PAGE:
This meditation is a recording of a Hangout I did on Google+ with members of Wildmind’s community. It’s an upekkha bhavana meditation, which is not really the “cultivation of equanimity” at all — or at least so I believe. To me, upekkhā is not equanimity. It doesn’t even mean equanimity in its etymological root, but something more like “closely watching.” Upekkhā is when we wish that beings attain the deep peace of awakening through accepting impermanence, or the arising and passing of things, or that everything changes (the exact words don’t matter much).
We are of course seeking the peace of awakening ourselves, and so at the beginning of this sit I encourage you to notice the constantly changing nature of your experience. We notice and accept that everything is changing, and this can lead to a profound sense of letting go in which we realize that there is nothing to hold on to, and in fact no one to do any holding on.
And this change is experienced in a loving and compassionate way, since this is, after all, an extension of the metta (lovingkindness) practice.
I suggested then dropping in the following phrases:
- May I accept the arising and passing of things.
- May I find awakening.
- May I dwell in peace.
These phrases are optional, but they can sharpen and clarify our desire for the peace of awakening, or bodhi.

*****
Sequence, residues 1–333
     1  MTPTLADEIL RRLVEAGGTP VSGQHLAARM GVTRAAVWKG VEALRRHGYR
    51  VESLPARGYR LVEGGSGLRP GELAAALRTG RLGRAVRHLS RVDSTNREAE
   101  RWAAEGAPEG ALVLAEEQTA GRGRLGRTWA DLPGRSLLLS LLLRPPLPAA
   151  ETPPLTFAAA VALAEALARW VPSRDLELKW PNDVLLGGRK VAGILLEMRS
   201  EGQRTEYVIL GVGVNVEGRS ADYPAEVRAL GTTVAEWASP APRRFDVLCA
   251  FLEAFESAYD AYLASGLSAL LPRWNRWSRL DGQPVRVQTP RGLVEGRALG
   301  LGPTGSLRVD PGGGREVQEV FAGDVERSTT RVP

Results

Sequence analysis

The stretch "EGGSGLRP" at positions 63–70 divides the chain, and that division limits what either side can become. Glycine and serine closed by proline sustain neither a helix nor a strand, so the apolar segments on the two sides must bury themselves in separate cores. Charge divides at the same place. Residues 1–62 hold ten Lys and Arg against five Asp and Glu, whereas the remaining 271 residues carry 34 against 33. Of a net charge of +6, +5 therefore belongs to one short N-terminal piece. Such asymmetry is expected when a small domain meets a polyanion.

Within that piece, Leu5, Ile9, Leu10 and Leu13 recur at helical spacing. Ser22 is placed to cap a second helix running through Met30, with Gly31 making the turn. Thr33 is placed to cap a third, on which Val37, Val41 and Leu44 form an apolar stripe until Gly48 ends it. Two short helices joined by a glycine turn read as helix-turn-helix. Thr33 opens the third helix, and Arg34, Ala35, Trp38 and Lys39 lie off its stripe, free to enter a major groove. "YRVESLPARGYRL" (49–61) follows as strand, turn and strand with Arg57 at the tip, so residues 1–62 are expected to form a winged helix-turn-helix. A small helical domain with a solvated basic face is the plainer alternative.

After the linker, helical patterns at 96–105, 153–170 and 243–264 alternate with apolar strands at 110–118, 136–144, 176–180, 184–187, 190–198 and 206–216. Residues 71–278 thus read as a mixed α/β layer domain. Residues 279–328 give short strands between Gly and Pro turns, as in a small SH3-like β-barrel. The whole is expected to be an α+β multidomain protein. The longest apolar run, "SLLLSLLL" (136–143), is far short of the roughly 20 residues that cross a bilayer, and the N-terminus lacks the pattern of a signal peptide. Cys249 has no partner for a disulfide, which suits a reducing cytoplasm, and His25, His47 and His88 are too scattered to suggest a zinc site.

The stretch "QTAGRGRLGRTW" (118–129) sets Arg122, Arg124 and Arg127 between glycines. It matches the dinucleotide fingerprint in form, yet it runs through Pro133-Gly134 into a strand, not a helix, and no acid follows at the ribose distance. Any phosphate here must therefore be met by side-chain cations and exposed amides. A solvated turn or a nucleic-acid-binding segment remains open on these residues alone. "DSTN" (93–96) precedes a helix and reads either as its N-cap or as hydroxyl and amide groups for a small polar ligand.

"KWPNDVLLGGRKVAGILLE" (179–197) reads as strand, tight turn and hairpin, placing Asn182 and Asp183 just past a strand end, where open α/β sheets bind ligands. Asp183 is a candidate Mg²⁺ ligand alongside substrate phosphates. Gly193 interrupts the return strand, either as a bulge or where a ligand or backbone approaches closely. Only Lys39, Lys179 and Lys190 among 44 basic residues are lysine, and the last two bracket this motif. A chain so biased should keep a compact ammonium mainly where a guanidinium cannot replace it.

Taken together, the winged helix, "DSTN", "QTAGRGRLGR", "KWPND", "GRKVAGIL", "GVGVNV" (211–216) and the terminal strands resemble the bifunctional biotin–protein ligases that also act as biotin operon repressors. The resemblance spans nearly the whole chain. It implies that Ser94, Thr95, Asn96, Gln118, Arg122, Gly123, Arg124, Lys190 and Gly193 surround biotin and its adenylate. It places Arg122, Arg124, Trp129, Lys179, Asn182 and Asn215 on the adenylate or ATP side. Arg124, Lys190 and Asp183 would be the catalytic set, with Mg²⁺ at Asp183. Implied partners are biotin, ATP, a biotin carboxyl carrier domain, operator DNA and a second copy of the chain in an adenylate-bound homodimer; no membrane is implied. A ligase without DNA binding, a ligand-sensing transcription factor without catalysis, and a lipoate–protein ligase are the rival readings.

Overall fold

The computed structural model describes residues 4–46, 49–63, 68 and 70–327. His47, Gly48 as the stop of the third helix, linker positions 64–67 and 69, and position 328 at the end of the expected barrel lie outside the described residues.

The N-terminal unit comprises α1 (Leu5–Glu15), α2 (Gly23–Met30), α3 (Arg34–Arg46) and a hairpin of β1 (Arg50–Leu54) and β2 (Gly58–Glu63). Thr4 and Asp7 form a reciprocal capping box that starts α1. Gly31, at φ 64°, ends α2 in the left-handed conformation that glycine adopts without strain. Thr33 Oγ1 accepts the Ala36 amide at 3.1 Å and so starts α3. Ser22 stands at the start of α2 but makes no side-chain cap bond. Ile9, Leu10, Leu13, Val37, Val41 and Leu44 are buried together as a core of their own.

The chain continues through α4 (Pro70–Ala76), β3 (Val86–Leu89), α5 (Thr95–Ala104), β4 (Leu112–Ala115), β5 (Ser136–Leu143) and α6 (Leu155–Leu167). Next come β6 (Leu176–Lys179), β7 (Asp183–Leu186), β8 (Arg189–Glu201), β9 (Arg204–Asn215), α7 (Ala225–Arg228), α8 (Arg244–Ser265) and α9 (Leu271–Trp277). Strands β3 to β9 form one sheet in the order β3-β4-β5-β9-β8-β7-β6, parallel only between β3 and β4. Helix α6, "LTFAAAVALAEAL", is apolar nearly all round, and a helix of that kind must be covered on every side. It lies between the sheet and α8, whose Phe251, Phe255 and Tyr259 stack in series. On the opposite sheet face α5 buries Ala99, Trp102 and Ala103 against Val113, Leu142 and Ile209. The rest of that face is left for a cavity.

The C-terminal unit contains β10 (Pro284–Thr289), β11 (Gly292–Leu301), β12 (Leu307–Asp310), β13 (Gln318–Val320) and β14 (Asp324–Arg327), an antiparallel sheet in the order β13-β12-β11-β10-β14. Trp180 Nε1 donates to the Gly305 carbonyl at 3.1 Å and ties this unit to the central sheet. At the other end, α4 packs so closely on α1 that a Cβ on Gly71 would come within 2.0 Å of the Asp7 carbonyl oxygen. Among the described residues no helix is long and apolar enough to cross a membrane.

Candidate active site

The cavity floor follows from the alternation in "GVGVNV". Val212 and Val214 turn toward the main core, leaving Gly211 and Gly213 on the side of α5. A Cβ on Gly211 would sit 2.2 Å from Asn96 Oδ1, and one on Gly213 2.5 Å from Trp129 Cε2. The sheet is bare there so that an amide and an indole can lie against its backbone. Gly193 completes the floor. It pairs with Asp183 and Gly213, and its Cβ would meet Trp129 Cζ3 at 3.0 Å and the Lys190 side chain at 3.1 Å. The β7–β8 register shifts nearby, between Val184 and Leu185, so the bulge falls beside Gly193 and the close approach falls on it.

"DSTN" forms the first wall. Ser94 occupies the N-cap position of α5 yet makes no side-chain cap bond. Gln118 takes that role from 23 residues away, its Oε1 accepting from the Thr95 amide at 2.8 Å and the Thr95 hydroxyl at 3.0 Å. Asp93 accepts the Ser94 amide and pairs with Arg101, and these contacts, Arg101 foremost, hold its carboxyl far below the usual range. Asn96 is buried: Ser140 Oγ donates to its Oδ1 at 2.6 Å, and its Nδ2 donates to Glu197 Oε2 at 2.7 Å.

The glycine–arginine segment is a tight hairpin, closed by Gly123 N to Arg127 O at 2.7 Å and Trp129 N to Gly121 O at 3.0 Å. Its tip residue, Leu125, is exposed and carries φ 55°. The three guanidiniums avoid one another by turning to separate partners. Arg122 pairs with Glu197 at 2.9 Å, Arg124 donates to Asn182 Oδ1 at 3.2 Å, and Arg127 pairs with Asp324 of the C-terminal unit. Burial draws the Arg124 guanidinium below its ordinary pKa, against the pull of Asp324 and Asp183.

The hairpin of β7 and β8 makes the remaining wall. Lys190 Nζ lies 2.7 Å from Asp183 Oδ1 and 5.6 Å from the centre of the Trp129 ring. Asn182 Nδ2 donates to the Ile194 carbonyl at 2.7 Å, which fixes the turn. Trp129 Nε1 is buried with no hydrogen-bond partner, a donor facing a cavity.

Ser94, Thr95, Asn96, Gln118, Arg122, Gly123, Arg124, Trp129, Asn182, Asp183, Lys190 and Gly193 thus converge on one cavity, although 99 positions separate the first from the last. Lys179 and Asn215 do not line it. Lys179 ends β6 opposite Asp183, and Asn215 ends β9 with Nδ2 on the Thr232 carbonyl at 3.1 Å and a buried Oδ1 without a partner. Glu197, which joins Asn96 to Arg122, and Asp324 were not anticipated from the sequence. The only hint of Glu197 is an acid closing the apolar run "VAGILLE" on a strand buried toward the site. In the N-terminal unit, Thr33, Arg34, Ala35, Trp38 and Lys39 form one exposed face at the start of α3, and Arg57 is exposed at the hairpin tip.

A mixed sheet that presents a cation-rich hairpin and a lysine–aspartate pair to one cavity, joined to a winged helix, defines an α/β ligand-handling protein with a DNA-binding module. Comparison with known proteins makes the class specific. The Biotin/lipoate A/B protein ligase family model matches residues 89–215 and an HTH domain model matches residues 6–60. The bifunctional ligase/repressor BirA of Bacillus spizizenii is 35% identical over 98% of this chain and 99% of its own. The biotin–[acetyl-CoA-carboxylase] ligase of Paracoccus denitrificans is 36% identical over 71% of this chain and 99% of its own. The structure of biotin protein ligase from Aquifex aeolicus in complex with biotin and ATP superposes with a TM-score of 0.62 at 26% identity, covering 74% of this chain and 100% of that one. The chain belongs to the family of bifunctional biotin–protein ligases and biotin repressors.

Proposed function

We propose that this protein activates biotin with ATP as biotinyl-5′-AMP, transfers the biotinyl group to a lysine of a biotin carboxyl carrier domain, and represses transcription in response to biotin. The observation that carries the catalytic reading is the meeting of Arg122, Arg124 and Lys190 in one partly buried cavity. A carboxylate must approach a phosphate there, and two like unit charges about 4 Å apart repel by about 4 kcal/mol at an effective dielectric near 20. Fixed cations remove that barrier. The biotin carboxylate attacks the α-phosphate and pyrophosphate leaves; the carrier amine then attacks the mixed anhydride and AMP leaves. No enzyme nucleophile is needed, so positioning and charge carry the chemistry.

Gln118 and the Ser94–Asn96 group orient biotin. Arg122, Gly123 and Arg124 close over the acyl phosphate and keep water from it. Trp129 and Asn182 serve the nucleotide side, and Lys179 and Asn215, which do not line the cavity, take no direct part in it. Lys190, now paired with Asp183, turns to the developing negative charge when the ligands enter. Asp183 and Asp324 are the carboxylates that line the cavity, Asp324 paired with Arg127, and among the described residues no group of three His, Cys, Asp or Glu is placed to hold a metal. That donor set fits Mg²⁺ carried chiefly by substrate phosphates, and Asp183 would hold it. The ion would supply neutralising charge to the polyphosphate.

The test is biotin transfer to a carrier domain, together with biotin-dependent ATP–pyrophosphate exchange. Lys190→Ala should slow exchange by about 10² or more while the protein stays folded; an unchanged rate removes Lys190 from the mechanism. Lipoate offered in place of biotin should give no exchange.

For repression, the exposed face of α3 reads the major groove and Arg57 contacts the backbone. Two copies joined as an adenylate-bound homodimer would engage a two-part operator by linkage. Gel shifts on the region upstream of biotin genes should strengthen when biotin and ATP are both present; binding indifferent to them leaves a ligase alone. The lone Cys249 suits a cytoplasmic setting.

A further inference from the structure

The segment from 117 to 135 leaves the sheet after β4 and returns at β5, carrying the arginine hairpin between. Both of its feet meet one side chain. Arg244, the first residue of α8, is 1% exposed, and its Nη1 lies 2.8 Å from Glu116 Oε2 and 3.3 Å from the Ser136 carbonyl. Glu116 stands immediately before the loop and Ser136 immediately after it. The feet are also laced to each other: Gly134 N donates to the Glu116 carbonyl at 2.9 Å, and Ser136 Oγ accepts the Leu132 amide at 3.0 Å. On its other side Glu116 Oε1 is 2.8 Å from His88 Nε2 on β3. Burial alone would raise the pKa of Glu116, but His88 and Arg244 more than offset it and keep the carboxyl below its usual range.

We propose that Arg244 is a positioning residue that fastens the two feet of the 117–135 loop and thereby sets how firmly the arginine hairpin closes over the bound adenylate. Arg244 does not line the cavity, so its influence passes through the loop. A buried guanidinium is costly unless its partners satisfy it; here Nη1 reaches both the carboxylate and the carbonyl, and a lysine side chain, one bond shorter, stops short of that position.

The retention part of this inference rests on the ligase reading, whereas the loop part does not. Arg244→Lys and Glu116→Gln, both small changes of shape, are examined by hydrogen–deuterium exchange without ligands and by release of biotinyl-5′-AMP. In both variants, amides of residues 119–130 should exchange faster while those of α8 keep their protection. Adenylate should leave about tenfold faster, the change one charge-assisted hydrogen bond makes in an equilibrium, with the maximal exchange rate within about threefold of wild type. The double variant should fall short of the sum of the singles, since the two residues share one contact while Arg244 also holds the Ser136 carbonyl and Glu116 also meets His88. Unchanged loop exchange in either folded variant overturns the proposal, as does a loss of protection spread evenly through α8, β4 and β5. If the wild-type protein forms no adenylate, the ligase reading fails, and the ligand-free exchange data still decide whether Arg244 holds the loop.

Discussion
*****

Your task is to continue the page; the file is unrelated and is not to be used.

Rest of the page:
And then we with the peace of awakening for all beings, starting with a neutral person (someone we don’t have a friendship or conflict with), then a friend, and then someone we do have difficulty with. Lastly, we extend our upekkha to all beings:
- May all beings accept the arising and passing of things.
- May all beings find awakening.
- May all beings dwell in peace.
In the discussion at the end of the sit I discuss how upekkhā is not equanimity, but is the desire that all beings be liberated, and is exactly the same as the mahākaruṇā (great compassion) of the Mahāyāna. I suspect that the Mahāyāna may have used the term mahākaruṇā to distinguish this desire that all beings be liberated from karuṇā as a brahmavihāra, which is a simpler desire that all beings be free from suffering.